Because of her talent and professional ease, it is apparent Sylvia is living the life God intended for her. She seeks His will for her daily to ensure that she stays on track. “He is bigger than us. We don’t have to force things. In my life when I get off track, things just don’t feel right. I’ve gotten off the path many times, then to be corrected by him. Others see that as success, I see it being on the right track.”

Recognizing when we get off track can be difficult, but Sylvia has learned a simple skill from pastor Larry Stockstill of Bethany Church. “He was recently talking about the Holy Spirit. You get that feeling when something isn’t quite right. Listen to it. Plus I have people in my life who really pray for me. They may say, “Are you sure?” If it feels weird and becomes a struggle, for me that is a sign.”

Sylvia delights in discussing her marriage and family. She met her husband Donald in high school and sang in choir with his sister Carolyn.

“I had a boyfriend at the time but Carolyn said, ‘I want you to meet my cousin.’ I went over to her house, the cousin wasn’t there, but Donald was home on break from Mississippi Valley College. He was nice, athletic…a baseball player,” she continued. “I said, ‘hi, got a boyfriend, not interested!’”

Later Donald got hurt, came home and was working at McDonald’s,” she said. “Often I went in and ordered the same thing, a small fry and orange soda. Donald saw me, and he would bring the order and ask if I remembered him. I said, ‘Hi, oh yes, got a boyfriend not interested.’ Same thing. Later my boyfriend was killed. Donald was so sweet. From there our relationship began to flow. Now if he were sitting here, he would say, “She loved me from the start! She just played hard to get!”

Donald and Sylvia married in 1986 and had a son two years later, Donald II. “He was a surprise, but I guess there are no surprises with God! Donald comes from a large family and wanted a lot of children but I didn’t. He had to convince me, as marriage and children were not on my list of things to do. My girlfriend and I had it all planned out; she was going to be a successful attorney, I was going to be a successful doctor, we were going to own property and travel. It was going to be amazing! Who needs a husband? Then Donald came along,” she beamed. A few years later she and Donald had a daughter they named Taylor.

Donald II, a LSU graduate, celebrates his 27th birthday this month. He is trusting God to get into dental school and is currently working at a dental office. Taylor turned 22 on Father’s Day and graduates from LSU on August 7th and plans to pursue medical school.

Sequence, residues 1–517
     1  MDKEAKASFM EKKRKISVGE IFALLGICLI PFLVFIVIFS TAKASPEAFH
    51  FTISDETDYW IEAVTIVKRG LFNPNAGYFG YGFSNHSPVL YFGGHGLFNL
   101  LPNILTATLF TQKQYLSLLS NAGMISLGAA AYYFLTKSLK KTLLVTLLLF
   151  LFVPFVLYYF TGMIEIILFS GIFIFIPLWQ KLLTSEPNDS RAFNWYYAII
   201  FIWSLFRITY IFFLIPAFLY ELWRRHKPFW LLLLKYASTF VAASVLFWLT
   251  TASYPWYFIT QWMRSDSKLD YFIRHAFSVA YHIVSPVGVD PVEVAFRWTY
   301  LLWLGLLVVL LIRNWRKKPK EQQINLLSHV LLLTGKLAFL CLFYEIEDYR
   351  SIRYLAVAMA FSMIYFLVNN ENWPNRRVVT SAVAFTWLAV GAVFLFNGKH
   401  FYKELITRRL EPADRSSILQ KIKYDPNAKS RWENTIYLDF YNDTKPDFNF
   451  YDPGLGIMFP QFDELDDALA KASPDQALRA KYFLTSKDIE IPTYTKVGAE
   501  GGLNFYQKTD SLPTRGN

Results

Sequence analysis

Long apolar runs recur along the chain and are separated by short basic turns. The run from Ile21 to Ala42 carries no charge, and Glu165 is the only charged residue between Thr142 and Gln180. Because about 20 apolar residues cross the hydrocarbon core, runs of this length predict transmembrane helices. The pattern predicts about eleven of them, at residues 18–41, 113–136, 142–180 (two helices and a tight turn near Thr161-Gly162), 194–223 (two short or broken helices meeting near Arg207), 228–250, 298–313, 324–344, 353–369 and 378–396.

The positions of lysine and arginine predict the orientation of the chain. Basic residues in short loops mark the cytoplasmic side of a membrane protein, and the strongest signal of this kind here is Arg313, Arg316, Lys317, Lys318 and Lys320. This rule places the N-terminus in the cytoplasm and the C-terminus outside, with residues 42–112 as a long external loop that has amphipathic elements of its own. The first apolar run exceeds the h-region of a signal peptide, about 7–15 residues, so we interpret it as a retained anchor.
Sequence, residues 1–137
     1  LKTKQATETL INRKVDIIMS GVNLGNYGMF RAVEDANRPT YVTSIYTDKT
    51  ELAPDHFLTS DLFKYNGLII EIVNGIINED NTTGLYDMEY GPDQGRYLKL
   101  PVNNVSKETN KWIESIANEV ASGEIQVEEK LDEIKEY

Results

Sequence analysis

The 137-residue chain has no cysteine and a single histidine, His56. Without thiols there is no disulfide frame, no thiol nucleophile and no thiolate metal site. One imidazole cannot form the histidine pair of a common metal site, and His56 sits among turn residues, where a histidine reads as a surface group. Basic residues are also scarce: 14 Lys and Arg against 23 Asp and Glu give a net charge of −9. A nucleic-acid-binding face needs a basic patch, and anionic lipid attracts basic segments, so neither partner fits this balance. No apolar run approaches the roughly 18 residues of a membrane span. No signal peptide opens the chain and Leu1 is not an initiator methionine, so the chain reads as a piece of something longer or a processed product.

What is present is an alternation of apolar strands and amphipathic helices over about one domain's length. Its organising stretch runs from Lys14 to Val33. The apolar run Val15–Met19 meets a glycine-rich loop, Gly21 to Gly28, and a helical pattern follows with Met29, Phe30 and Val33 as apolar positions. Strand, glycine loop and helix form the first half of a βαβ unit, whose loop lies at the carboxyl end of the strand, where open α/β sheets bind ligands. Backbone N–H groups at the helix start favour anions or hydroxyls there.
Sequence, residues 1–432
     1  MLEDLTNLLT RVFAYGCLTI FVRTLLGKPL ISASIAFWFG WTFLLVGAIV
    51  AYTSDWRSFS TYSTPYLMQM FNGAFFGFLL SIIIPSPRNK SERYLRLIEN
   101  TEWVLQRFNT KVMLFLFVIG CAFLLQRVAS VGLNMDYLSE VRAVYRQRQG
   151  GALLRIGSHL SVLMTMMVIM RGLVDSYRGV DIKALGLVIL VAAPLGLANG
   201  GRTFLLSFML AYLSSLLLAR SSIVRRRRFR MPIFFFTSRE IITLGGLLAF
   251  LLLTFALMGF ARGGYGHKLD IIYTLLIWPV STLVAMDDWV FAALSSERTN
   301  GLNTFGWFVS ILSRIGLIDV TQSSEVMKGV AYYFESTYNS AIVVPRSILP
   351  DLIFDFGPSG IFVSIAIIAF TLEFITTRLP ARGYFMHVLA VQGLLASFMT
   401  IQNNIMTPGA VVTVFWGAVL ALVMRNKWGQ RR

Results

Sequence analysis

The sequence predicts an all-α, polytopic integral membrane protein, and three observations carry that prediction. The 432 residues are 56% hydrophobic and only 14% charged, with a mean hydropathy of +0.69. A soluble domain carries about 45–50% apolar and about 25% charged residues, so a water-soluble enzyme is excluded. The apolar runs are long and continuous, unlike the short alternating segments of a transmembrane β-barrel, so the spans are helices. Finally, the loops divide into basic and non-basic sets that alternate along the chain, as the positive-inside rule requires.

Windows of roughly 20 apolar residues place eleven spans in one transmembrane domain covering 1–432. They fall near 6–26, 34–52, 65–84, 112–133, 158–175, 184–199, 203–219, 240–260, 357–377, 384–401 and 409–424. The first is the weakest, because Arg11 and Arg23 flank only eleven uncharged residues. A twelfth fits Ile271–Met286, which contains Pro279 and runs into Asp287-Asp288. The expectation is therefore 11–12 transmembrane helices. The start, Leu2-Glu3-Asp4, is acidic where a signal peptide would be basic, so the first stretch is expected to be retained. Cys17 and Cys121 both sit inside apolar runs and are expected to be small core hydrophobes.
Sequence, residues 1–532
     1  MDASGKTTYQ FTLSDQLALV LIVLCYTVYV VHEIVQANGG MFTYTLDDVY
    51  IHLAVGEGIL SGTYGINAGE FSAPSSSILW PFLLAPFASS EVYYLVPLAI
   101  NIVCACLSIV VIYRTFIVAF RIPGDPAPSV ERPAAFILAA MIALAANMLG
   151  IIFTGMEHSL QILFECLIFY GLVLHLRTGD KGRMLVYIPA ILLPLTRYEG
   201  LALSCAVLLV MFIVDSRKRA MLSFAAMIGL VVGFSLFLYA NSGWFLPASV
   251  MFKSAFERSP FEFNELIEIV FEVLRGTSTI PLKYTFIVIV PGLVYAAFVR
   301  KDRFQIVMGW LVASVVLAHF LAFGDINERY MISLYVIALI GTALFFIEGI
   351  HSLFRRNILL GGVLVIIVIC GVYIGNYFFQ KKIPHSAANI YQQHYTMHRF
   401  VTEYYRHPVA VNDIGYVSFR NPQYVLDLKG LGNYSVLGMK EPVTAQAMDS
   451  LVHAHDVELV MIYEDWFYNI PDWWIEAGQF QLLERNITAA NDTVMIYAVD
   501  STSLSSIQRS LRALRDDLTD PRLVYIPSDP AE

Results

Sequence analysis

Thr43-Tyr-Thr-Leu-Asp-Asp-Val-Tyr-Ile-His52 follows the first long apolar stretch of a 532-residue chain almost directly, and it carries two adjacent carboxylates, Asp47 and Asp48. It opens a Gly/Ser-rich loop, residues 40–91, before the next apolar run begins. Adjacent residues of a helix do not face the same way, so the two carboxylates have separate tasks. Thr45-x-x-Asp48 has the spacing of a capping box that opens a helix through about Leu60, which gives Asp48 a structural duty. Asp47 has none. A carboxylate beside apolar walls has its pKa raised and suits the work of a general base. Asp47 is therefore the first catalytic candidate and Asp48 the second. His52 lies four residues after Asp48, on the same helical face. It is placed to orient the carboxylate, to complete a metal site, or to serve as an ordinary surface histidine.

Being parents has been a joy for the couple. Now as young adults, the struggle is accepting that their children are growing up. She laughed as she talked about their next steps. “They are adults and don’t need us anymore and both want to go away to school!” Yet she believes in them and knows they are grounded. “They are prepared to go on their own, it’s just scary to me.”

IMG_0825Sylvia continually uses her platform to bring glory to God, “When I speak publicly, I just share my testimony. I thought I was going to be a pediatrician, but God had other plans. He didn’t give me my skills just for the sake of being a news anchor, though it’s something I love doing. I’ve been able to do what I love and glorify Him at the same time.”

She gives sound advice and encourages others to be certain they are following God’s plan for their life, “I just tell them to pray about it. Everyday I ask, ‘God is this what I’m supposed to be doing?”’

One thing that she has heard consistently over the years is the perception that the news is always bad. “Many say they don’t even watch. I went to school at a time where we were taught in journalism class, ‘if it bleeds it leads.’ And, yes, I’d get excited about that big story that was breaking. My response was always, ‘send me there live.’”

Sylvia was in a car accident about a year after 9/11. Though she suffered no major injuries, she was home for about a week and a half. “As I watched the one year anniversary I was considering how I would cover that story if it were me. I remember asking God, ‘where is the glory for what I do?’” she continued. “I am telling you just as I’m talking to you the Holy Spirit ministered to me and took me right back to journalism school. ‘If it bleeds it leads.’ God said to me in my heart, ‘He is to be the lead story of my life.’ That my purpose and my responsibility; to tell His story, not only that, that very thing about if ‘it bleeds it leads.’ He bled on the Cross for my sins! It was a wow moment and I got it.”

“Others may not understand that, but to me it made perfect sense. I’ve not questioned since then my purpose,” Sylvia explained. “It’s amazing to see the result and knowing that my steps are ordered by Him, that I’m walking on purpose in what I do. It is more than just showing up everyday and reading the news. His will for my life and his purpose is bigger than that.”

One of Sylvia’s hidden treasures is her creativity and willingness to step out of the box and be different. Full of ideas, she’s been able to set herself apart by stepping up to the plate and making innovative suggestions.

FullSizeRender-2“2 Make a Difference came about when I got promoted to the 6 and 10 anchor. Before I was the medical reporter for 5:00 p.m. and 10:00 p.m. news. My question was ‘what happens to health?’ My general manager said, ‘we would work that in.’ I said, ‘Well I have this idea!’” Starting with the name 2 Make a Difference, it would be all good-news stories. “We started in 2008. We are supposed to serve people; that is what love looks like to me. Last year, 2 Make a Difference won second place in the state of Louisiana Associated Press for story of the year. That was the Trevor Sims story.” Tears welled in her eyes.